This past weekend, my border collie Rook and I travelled to Reno, Nevada for the 2012 AKC National Agility Championship, where she had some nice runs and made an appearance in the exciting Challenger’s Round! The AKC has recently shortened the length of the chute, and many handler-dog teams struggled with the tight turn after the chute, mapped below.
In the Finals, numerous potential winning runs were ruined when dogs turned wide after the chute, with several dogs running past jump #12 entirely.
You can create a tight turn at the chute or any straight tunnel by treating it like a jump. This idea came from my friend Debby Quigley, who teaches obedience and agility at Dogwood Dog Training. Now, I use this all the time in courses, and the tight turns give my nearly ten year old border collie a big advantage over younger, faster dogs.
The key to teaching a tight turn after the chute is for the dog to understand when it’s okay to blast through the chute. When I run past the chute, my dog should rocket forward, but if I slow down before the chute, my dog should turn tightly after the chute, knowing a turn is coming even before she has actually entered the chute.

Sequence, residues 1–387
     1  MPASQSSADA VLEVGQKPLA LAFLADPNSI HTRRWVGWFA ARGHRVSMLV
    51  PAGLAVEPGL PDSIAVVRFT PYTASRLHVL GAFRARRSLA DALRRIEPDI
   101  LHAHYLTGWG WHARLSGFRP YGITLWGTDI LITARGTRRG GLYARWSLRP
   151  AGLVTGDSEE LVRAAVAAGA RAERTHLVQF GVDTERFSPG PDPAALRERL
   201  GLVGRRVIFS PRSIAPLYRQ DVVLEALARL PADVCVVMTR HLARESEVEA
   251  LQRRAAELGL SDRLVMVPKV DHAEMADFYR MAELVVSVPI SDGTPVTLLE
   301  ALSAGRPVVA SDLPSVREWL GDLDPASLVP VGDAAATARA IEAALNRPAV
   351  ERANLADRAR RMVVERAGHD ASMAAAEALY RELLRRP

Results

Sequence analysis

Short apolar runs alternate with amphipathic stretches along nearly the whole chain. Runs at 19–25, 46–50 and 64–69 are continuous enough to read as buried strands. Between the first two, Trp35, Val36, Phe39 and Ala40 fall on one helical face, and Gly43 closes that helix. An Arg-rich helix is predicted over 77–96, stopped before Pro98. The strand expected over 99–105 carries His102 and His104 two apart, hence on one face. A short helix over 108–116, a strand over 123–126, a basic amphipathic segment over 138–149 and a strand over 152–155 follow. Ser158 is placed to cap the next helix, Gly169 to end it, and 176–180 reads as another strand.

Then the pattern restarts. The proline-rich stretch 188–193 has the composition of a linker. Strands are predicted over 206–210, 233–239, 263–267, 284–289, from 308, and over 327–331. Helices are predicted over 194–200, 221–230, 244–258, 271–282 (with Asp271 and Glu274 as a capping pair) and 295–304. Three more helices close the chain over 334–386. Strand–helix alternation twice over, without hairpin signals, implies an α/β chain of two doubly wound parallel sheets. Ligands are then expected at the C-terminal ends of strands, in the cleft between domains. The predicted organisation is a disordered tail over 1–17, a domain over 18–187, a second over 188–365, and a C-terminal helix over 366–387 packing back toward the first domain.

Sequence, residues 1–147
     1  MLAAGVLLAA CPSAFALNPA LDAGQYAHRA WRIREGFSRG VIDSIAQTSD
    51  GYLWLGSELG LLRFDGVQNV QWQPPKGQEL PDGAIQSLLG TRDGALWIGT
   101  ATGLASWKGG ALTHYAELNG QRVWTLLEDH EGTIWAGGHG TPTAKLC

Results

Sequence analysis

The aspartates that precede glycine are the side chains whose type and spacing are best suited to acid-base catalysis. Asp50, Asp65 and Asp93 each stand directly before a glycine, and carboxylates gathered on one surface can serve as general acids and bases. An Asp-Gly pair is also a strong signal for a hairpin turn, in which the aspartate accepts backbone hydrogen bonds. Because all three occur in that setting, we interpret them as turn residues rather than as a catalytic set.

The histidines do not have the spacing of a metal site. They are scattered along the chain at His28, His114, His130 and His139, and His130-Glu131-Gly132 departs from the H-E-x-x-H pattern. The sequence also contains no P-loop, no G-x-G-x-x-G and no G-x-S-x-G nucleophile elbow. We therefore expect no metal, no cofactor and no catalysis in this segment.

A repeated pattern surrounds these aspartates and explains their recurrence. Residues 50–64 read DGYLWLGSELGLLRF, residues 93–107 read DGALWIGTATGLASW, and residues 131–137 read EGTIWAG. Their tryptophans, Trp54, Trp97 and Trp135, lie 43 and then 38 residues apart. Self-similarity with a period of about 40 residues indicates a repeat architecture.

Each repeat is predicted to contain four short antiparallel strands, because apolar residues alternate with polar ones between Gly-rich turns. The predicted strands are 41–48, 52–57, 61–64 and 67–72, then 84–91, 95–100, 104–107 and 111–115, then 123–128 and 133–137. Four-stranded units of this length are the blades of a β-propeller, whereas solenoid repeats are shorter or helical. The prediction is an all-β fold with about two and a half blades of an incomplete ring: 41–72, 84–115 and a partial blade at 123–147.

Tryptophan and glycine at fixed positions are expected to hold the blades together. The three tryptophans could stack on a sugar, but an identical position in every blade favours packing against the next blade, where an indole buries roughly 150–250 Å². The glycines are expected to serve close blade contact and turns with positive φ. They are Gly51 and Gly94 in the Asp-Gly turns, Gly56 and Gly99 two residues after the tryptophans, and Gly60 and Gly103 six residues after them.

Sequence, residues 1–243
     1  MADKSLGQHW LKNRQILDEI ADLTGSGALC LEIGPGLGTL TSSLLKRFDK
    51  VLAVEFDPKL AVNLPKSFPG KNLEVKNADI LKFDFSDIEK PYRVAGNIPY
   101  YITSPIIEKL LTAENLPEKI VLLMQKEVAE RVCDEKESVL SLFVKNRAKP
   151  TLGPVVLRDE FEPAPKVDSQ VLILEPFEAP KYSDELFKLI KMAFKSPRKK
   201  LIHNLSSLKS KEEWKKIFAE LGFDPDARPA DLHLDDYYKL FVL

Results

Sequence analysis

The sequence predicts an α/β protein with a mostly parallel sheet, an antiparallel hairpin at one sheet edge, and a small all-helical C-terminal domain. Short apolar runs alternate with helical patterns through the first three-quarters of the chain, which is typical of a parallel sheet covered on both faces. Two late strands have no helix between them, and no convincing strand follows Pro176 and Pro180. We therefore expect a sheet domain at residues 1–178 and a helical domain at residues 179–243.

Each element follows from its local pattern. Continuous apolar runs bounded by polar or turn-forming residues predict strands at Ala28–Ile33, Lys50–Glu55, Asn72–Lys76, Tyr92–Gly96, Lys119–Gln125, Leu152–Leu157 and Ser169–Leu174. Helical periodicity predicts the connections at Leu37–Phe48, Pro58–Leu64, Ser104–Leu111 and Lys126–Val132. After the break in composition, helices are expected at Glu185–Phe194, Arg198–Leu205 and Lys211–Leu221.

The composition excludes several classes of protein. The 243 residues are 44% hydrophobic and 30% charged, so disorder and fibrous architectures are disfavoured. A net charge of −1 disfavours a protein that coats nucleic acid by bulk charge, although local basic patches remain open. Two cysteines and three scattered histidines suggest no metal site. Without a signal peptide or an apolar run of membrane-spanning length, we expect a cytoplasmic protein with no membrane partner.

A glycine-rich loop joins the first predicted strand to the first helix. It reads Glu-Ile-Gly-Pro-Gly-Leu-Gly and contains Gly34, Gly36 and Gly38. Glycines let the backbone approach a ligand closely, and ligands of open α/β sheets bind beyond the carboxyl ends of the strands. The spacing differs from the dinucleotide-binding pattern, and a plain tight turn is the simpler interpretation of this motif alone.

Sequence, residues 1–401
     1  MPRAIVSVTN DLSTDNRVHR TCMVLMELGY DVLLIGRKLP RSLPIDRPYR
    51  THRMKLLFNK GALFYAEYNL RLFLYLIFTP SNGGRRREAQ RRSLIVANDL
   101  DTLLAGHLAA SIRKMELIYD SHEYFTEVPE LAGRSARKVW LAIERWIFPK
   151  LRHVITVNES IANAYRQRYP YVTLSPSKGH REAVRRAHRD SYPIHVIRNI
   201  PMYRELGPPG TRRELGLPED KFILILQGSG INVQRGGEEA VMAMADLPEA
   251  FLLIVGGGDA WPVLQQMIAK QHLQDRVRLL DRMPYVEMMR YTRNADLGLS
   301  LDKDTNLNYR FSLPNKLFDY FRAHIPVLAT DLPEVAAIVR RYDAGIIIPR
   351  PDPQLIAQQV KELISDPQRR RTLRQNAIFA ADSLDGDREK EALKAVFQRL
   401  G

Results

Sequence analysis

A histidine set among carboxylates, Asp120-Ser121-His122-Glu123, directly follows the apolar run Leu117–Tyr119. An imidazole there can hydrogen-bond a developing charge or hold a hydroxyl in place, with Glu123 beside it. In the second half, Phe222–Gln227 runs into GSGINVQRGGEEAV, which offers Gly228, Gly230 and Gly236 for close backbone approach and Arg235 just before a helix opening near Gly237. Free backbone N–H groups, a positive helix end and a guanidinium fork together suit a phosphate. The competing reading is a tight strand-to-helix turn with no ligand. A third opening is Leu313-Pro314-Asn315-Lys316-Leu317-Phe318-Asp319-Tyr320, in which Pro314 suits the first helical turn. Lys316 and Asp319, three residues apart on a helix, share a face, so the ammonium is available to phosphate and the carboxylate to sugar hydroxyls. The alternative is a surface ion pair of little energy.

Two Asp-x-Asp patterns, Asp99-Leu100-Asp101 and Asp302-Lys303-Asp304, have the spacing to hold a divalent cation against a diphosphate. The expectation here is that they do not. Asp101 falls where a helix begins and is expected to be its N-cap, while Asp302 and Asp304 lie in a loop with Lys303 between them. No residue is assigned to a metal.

Start with the barrel of the chute without the fabric, and alternate running past the entry of the chute with standing still by the entry of the chute. In my handling world, the ultimate show of deceleration or “slowing down” is to be at a complete stop. After the dog starts to get the idea, you can add in motion deceleration to the picture by running toward the chute and slowing down before the entrance.
If the dog turns wide even when you are doing a great job of decelerating, don’t panic! As seen in the video below, dogs will usually improve with successive repetitions, some more quickly than others. Be sure to use high value reinforcers like a favorite tug toy or juicy treats; your dog won’t waste time shooting forward when there’s a great reward waiting for her! Jackpot the better performances. If your dog blasts forward and takes the jump, simply withhold the reward and try again, moving the jump further away, or taking it away completely. Change the environment by making it easier but don’t change your handling/body language, since this is the physical cue you will use in trials.
You can use this same method with straight tunnels, however, I recommend starting with the tunnel as short as possible, and slowly expanding it over several sessions.